An Evaluation of a Hermeneutics Course to Help Asian Seminarians Identify the Theological Thrust of a Biblical Narrative Passage for Expository Preaching

Patrick Chi Leung Wong D.Min.
Hermeneutics of biblical narratives for preaching has its unique challenge for preachers and seminary students. Biblical narratives are stories often without explicit statements of teaching. A review of literature shows that there are deficiencies in various traditional approaches in identifying the author-intended thrust of a biblical narrative such as looking for good or bad models, arbitrarily creating principles for applications, and presuming linkage to redemptive-history. On the other hand, a literary approach and the notion of authorial doing with saying in linguistics are promising to help the interpreters identify the author-intended pericopal theology for preaching.

It was hypothesized that by incorporating elements from the literary approach and notion of authorial doing in a hermeneutics course, the Asian seminary students might better identify the pericopal theology of a biblical narrative for preaching. The effectiveness of this approach was assessed in this research which was about program development and evaluation. Specifically, major changes were made to an existing basic hermeneutics course so that the students were introduced to key concepts and elements in the literary approach and notion of authorial doing with saying.

An instrument was developed to collect both quantitative and qualitative data to assess the effectiveness of the final modified course. The instrument includes a pre-test and a post-test to generate quantitative data, and an open-ended question to gather qualitative data. The instrument was administered to a group of participating Asian seminarians. The data collected was analyzed to validate the hypotheses of the research project. The data verified all three hypotheses and affirmed that attending this course is associated with higher ability and confidence of the students in identifying the theological thrust of a biblical narrative for preaching. The dissertation suggests that such training approach may prove beneficial to seminary students in preaching in other contexts.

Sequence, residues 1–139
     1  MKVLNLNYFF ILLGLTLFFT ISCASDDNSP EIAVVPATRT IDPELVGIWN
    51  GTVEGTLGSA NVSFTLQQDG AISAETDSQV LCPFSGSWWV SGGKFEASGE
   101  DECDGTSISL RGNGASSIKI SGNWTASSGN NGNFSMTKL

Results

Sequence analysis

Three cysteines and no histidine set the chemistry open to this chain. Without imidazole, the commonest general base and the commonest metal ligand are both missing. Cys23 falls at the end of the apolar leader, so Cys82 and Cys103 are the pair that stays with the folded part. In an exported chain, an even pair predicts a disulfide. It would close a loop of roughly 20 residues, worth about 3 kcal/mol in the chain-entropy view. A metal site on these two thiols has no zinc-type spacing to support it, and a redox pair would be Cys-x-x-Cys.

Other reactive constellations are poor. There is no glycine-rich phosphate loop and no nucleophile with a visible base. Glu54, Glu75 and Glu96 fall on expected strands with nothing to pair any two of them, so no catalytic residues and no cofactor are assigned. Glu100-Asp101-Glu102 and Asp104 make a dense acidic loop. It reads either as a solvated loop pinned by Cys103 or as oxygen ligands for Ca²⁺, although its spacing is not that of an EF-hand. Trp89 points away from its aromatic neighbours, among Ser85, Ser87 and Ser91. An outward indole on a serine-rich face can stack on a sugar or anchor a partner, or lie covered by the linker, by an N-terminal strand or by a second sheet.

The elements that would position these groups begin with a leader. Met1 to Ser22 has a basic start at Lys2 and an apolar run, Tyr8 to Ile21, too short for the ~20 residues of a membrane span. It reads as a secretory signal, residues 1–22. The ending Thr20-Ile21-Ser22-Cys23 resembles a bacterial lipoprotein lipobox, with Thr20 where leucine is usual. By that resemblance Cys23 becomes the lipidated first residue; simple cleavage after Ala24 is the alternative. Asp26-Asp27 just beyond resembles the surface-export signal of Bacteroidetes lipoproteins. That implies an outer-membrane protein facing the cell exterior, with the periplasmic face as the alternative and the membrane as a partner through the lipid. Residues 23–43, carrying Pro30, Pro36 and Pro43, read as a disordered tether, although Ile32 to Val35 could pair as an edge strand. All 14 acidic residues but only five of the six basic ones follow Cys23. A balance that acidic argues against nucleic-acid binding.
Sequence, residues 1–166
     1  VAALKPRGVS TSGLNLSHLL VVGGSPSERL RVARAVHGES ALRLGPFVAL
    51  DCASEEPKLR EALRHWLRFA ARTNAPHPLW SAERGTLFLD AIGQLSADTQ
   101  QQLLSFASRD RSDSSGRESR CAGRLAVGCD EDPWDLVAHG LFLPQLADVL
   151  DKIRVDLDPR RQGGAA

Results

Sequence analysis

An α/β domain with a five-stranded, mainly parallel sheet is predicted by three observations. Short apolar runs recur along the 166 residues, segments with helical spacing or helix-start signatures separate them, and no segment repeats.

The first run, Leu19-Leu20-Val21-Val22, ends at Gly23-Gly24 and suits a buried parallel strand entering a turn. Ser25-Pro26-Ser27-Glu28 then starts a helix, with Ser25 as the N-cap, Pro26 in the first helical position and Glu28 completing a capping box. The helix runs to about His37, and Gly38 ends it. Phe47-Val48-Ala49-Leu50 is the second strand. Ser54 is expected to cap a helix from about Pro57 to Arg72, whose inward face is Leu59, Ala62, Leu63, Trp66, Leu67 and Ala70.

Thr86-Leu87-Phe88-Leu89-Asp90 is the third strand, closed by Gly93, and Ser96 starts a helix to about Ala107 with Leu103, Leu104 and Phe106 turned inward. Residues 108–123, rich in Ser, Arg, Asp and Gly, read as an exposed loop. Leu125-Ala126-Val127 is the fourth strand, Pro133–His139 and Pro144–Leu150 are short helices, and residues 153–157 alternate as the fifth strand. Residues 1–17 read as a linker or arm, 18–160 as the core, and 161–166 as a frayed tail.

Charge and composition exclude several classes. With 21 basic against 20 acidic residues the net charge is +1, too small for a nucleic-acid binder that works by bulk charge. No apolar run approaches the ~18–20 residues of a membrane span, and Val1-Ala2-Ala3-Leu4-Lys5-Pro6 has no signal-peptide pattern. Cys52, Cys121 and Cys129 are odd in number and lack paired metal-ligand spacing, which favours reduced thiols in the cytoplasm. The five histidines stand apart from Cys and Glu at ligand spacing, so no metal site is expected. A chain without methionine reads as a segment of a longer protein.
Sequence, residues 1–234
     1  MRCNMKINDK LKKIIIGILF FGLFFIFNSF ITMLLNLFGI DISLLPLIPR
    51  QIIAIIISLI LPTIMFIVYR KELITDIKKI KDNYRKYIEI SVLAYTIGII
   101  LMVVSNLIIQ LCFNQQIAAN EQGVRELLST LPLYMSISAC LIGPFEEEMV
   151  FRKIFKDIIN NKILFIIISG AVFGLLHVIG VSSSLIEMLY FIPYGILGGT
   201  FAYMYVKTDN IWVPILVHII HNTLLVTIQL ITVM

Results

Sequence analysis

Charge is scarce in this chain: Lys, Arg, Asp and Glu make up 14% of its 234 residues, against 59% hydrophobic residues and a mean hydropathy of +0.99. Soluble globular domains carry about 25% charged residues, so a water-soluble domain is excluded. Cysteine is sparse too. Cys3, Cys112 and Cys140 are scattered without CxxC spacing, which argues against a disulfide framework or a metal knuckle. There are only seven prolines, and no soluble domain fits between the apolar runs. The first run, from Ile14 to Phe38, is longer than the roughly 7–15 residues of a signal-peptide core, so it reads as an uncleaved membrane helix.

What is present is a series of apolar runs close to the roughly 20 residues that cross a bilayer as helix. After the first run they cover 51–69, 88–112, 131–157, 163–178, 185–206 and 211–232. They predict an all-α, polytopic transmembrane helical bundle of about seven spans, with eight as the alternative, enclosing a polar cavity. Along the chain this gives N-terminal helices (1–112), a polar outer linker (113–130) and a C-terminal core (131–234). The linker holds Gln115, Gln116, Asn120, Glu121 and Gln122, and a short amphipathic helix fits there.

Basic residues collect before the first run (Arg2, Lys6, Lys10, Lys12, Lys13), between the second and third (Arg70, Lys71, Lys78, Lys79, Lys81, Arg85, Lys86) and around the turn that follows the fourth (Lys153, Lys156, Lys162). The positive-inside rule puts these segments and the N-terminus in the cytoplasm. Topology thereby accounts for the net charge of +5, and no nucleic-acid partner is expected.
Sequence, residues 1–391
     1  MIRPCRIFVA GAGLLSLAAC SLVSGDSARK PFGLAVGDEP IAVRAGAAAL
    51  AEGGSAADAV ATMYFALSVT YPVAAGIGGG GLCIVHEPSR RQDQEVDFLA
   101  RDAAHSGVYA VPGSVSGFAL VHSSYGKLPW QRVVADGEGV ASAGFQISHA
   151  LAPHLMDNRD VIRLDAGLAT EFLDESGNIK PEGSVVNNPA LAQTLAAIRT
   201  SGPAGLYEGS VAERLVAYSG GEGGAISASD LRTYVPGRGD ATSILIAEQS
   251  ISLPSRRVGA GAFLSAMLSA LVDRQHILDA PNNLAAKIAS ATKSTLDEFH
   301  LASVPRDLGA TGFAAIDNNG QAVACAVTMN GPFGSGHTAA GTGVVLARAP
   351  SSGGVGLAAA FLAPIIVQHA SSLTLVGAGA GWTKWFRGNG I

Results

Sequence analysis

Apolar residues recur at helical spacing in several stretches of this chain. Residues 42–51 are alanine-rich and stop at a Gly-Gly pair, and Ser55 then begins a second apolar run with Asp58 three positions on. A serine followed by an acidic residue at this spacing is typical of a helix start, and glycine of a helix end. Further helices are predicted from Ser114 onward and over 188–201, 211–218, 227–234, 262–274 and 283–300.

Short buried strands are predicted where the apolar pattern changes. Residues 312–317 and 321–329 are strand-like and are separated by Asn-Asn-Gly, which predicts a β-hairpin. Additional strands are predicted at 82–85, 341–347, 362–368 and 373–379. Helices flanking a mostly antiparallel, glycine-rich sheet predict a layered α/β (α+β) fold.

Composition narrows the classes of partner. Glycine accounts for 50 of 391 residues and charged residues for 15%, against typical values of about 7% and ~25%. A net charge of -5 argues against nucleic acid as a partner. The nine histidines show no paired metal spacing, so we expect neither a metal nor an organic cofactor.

The Development and Evaluation of a Theological Commentary and Expository Sermon Series on Jonah Implementing Pericopal Theology and a Christiconic Hermeneutic

Josiah D. Boyd D.Min.
For the edification of God’s people, biblical preaching is essential (Eph 4:11–16), a divinely-mandated activity which assumes not only Scripture’s explanation but also its application. While much scholarly attention has been paid to the former facet (i.e., the move from text-to-theology), much less has been given to the latter (i.e., the move from theology-to-application). One homiletician, Abraham Kuruvilla, has recently attempted to fill this void by articulating and demonstrating a methodology through which a preacher can, with confidence and clarity, lead the people of God from the Bible to its intended, and thus binding, application. The aim of this research was to explore the effectiveness of his proposed theology and hermeneutic for the identification, development, communication, and reception of biblically-founded, theologically-valid, and hearer-relevant application.